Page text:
He cited "some mistakes in not building a strong Afghan army" and noted that ethnic factors have complicated developments.
"We know that half of the Pashtuns, at least, are in Pakistan, and I believe it has not been a positive role that Pakistan has played," Rohrbacher said. "I see the turmoil among Pashtuns as being a product, frankly, of the meddling by the ISI -- the Pakistani intelligence -- and by Pakistan. Had the Pashtuns been left alone and not been manipulated by Pakistan and outside forces, then I think that things could have been better [in Afghanistan]."
Rohrabacher said that Afghans must, first and foremost, develop their security forces so that Kabul is able to defend its own interests instead of depending on the United States and NATO for help on security. If that happens, Rohrabacher said, foreign troops could start to withdraw from Afghanistan and additional aid could be used to help build the economy instead of supporting a foreign military presence.
Christa Meindersma, an international lawyer who specializes in peace-talk issues from The Hague Institute of Strategic Studies, told a recent London conference of military and civilian experts on Afghanistan's future that she thinks the country is "at a tipping point" that the international community can influence. "Either Afghanistan will move towards stabilization and some kind of a development of sustainable peace, or we may lose it again to Islamic extremism," Meindersma said.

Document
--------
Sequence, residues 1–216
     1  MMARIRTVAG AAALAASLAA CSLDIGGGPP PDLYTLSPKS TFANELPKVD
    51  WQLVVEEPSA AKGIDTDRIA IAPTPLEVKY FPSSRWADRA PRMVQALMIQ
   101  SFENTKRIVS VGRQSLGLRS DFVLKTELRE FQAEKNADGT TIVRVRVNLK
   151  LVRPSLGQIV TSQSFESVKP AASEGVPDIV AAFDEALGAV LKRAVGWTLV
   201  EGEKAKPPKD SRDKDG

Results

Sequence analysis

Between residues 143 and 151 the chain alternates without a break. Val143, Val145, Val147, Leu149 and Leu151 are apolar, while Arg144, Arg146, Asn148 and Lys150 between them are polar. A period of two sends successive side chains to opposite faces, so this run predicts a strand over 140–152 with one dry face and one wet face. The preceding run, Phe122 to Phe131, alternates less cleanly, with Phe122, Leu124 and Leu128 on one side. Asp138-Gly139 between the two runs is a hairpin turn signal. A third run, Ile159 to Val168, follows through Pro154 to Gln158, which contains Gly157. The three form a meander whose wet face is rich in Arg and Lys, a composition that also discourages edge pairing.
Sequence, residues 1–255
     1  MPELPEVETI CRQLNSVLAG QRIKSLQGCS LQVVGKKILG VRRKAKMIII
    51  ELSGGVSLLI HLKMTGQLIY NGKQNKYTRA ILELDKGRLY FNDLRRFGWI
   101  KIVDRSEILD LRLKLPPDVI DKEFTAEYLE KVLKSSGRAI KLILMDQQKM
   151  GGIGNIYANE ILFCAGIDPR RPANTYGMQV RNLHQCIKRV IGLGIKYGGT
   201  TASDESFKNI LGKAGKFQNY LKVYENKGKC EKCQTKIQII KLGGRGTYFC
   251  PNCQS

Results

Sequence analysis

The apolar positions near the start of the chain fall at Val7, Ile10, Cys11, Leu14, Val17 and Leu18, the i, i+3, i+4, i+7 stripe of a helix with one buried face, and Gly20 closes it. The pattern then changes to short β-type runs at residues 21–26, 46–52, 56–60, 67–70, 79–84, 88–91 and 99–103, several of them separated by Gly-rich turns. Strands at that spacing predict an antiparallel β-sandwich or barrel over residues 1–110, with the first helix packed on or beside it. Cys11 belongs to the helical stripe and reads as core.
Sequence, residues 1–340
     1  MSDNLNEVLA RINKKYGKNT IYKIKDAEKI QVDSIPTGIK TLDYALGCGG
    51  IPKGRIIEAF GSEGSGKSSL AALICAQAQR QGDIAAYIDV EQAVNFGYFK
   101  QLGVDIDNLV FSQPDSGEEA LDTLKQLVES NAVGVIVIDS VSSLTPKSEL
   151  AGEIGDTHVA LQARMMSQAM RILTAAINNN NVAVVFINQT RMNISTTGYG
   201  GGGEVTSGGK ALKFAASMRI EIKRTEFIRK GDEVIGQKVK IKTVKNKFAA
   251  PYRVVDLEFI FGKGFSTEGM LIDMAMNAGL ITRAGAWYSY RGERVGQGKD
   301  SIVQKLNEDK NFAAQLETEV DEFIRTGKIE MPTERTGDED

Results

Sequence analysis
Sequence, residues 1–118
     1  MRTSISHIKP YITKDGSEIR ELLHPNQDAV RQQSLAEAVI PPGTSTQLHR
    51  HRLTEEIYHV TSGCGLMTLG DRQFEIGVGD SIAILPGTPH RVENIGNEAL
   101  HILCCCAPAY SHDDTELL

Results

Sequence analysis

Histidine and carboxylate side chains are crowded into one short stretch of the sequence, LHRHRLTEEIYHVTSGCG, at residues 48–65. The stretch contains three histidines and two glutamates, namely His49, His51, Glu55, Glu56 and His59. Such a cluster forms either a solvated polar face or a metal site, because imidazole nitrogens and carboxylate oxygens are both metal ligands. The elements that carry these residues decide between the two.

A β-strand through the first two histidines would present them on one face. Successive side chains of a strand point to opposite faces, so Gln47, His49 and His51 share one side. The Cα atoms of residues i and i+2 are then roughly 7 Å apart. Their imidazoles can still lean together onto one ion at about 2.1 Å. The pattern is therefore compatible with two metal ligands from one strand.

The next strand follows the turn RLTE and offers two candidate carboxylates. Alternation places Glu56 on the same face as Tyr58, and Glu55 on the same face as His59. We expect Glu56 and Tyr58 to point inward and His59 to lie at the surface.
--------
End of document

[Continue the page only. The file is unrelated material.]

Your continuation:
Meindersma was careful to criticize what she called an insufficient provision of aid and slow pace of reconstruction by coalition countries. She also complained of government corruption and a lack of military coordination.
(Interview conducted by RFE/RL's Radio Free Afghanistan deputy director Hasheem Mohmand)
Copyright (c) 2007. RFE/RL, Inc. Reprinted with the permission of Radio Free Europe/Radio Liberty, 1201 Connecticut Ave., N.W. Washington DC 20036. www.rferl.org